To look into a humpback whale’s eyes

If there is one place I like to roam with the wild things, it is under the ocean’s surface.

There is something about being under the waves, in a world that is so foreign, yet for me feels so right. Yes, breathing is aided by an air tanks, snorkel and mask or you need to be able to hold your breath to free dive. Once you have mastered that however, the ocean is well … your oyster!

I recently travelled to Tonga with extreme excitement as I set off to swim with the humpback whales. Ever since I was a young girl I have been mesmerized by the beauty and magic of whales. I had a record with the sound of whale songs on that I had pulled out of a National Geographic Magazine and played it over and over until it would play no more.

With that hauntingly beautiful sound still so familiar in my mind, I stepped onto the shores of Uoleva Island, part of the Ha’apai Island group in Tonga. Expectant of a South Pacific island, the clean sand licked by lapping waves felt good between my toes. The water was so warm but still refreshing from the even warmer air that hugged me in a humid embrace.

Walking up the beach I was greeted by friendly smiles from the team at Sea Change Eco Retreat. A eco-friendly retreat located right on the waterfront, Sea Change is everything right in keeping things in tune with nature. I was in my element. Glamping in a tent set up on a wooden deck where you go to sleep at night listing to the lapping waves on the shore as a cool breeze blew in off the ocean with its salty breath.

The shower is mostly cold water (you can switch on the hot if you need) with the water pumped and the toilet is a sawdust drop toilet. It really gives a sense of camping, but with a toilet seat for that added luxury.

While the island itself is incredible, it was the whales I was there for. If you are looking for an experience that is unique, life changing and really gets the heart pumping than swimming with humpback whales in Tonga is the ultimate.

There are few wildlife encounters that allow you to get this up close and personal, while maintaining a respect for the animal and their environment, but in Tonga, they have found a way to peacefully interact with the whales with minimum impact.

Tonga is one of only a few countries in the world where you can actually swim with humpback whales. Swimming with the whales is done so with sensible tourism guidelines and experienced guides to ensure minimal impact on the whales and their environment.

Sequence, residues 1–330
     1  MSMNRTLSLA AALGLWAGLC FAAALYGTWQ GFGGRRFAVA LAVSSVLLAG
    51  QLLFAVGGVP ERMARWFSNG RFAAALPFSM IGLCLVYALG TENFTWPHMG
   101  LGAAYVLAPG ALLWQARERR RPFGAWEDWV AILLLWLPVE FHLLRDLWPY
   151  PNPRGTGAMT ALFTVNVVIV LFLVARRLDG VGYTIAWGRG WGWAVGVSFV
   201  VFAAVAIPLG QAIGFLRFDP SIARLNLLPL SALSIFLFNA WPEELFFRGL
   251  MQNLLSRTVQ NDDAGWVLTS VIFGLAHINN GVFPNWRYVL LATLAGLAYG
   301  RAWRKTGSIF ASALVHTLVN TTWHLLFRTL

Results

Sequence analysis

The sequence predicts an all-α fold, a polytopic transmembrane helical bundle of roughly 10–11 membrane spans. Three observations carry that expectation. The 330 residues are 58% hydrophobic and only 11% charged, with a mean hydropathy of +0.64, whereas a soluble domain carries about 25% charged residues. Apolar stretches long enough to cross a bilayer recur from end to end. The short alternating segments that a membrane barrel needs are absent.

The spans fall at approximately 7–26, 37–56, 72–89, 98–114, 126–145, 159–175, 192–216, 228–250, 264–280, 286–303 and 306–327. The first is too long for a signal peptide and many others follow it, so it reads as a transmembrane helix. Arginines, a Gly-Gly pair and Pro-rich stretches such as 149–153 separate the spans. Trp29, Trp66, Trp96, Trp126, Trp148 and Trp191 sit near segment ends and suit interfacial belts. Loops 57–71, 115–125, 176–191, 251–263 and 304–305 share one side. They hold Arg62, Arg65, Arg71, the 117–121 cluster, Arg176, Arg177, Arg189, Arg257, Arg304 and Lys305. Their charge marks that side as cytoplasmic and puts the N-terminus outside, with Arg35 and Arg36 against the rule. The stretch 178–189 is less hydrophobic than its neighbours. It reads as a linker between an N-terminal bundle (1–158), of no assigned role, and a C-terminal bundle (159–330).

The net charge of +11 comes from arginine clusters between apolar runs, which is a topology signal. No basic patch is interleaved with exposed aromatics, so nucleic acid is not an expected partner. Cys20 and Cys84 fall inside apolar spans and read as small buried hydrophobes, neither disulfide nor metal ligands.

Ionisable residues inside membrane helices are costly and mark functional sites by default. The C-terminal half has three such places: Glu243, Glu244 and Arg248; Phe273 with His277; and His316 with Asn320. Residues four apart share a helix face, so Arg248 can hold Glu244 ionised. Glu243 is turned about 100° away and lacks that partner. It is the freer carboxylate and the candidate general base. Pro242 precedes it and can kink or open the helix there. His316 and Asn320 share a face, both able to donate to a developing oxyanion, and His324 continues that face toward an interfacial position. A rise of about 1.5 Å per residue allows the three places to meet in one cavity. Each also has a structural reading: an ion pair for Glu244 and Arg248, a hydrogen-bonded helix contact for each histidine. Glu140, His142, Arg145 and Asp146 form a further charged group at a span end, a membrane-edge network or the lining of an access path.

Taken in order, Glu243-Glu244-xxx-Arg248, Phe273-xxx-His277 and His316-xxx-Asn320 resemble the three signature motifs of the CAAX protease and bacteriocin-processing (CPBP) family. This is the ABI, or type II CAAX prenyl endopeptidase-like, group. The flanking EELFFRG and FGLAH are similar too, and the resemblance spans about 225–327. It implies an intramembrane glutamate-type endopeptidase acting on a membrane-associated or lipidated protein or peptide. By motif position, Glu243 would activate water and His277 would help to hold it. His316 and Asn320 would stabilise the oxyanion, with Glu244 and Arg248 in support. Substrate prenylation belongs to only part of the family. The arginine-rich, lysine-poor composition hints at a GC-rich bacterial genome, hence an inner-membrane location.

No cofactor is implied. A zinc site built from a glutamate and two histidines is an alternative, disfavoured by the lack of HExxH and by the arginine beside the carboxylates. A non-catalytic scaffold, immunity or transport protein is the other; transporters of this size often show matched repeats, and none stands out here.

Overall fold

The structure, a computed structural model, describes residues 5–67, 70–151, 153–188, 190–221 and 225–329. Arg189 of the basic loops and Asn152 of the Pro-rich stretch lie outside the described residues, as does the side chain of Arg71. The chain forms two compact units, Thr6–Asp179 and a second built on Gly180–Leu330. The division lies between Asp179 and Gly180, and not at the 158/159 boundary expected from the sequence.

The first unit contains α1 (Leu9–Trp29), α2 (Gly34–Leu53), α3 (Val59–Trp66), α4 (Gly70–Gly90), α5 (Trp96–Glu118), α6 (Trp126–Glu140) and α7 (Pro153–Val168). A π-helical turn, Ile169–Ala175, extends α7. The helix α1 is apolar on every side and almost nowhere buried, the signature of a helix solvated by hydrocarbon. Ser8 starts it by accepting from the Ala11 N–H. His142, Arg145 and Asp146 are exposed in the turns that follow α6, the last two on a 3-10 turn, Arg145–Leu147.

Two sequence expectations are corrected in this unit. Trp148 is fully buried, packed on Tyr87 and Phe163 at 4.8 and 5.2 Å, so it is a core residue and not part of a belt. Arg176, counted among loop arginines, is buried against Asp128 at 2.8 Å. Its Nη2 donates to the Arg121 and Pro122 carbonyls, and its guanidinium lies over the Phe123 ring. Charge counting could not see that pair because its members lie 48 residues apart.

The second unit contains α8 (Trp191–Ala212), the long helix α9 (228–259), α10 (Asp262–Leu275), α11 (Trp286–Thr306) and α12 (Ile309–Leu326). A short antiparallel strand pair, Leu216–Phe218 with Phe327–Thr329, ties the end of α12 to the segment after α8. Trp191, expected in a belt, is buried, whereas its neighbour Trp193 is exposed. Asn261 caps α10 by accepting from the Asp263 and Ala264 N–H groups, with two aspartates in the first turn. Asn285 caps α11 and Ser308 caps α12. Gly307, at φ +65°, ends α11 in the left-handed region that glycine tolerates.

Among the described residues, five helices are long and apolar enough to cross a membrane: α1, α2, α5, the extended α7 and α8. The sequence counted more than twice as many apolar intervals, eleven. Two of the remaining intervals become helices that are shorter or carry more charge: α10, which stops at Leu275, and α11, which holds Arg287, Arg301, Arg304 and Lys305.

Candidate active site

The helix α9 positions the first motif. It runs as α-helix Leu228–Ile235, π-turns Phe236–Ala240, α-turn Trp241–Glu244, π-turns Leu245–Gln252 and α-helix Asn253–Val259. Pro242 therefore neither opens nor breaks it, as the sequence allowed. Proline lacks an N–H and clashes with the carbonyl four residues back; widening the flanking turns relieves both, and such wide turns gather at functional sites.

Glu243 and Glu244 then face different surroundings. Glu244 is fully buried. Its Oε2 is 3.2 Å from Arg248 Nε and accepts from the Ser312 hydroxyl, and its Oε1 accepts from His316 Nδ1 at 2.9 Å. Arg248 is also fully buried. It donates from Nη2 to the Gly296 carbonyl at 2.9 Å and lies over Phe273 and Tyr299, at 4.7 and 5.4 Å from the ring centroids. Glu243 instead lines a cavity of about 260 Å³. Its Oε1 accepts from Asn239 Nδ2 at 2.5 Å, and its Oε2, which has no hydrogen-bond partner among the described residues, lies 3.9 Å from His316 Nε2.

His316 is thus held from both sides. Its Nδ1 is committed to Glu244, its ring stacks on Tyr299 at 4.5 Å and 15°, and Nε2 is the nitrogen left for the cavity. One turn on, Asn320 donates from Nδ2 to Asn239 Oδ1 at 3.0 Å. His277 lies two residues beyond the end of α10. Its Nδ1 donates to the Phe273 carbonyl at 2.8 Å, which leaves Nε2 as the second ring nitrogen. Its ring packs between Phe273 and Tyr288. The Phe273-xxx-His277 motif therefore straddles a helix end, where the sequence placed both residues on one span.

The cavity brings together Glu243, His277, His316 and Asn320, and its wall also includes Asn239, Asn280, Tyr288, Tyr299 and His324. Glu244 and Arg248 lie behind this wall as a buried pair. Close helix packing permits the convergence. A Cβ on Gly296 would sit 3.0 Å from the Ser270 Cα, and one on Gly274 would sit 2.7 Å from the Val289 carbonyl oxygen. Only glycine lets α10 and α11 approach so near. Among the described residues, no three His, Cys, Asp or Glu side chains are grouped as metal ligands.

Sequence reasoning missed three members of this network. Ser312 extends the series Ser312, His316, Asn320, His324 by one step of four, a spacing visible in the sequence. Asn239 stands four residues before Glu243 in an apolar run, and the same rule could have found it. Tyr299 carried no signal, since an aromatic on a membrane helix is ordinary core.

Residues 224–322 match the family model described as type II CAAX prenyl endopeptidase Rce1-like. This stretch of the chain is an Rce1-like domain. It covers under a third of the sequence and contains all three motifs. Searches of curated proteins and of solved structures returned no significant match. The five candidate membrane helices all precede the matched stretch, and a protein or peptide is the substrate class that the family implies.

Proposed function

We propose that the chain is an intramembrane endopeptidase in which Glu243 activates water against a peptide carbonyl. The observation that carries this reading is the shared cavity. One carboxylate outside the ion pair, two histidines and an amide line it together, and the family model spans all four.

Each year from mid-July to mid-October, Tonga’s serene islands become the resting place for the majestic humpback whales. North of Tonga’s main island of Tongatapu are the islands of Ha’apai, a safe haven for the migrating humpback whales from the Antarctic. These calm warm waters of Ha’apai offer refuge for the whales to breed, birth and socialise.

Depending on the weather, mornings at Sea Change begin with a healthy breakfast before heading out on the boat in search of whales. Joined by experienced and knowledgeable guides, swimmers are briefed about the importance of respecting the whales in their space to ensure a safe interaction for both whales and swimmers.

Finding the whales and watching them from the surface is exhilarating to start with. They are everywhere in these waters, but there is a lot of water for them to hide in. Adult humpbacks will surface every 20 minutes, expelling the spent air through their blowholes before gulping down fresh oxygen. Known as a ‘blow’, you can spot these some 3km away, a fine mist that rises above the waves.

The boat races towards a sighting and then waits for the whales to surface again. The vast array of interesting behaviours from the whales include a graceful spy hop, powerful fin or fluke slaps to continual full body breaching and inquisitive approaches to the boat. Add to this the use of a hydrophone (waterproof microphone) to listen to the magical whale love songs and the experience above the water in incredible.

The moment had come to dive beneath the surface into some of the bluest clear waters. Swimming towards the whales I did not know what to expect. I tried to remain calm as to not impact on them with my arrival. This was hard. I was soon upon a resting mother humpback whale while her calf playfully swims nearby. Trying to keep the legal distance from the whales can be challenging, with the young whales often keen to come up and investigate the swimmers. As these beautiful creature glide past you, majestic and curious, it is hard to contain the rush of emotions. I had to contain my squeals of excitement.

As the baby whale curiously came closer, it was as if I could reach out and touch her. She touched me though, through a fleeting moment of eye contact where I felt I looked into the depths of the ocean in that one moment. I went to jelly, unable to swim, just floating as this incredible animal glided past me and sank off into the depths to its mother once again.

It was a moment I will remember for a lifetime as I strive to ensure my everyday life from here forward will be conscious of decisions that can impact on the ocean and the very lives of these majestic beasts.

You can read more about my adventures in Tonga swimming with whales here.

CAPTURED TRAVEL

WHERE WILD THINGS ROAM

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About Author

Kate Webster

Kate Webster is a travel journalist - travel writer and photographer who travels the globe in search of vivid imagery and compelling stories that capture the essence of the places she visits.

Born out of a life-long love of travel and fascination with the world around her, is Kate's inspiration behind her writing and photography.

When she’s not bouncing around the world on ramshackle buses, overcrowded trains, or on the back of a rickshaw, you can find her based in Sydney or the Gold Coast, Australia eagerly planning her next adventure.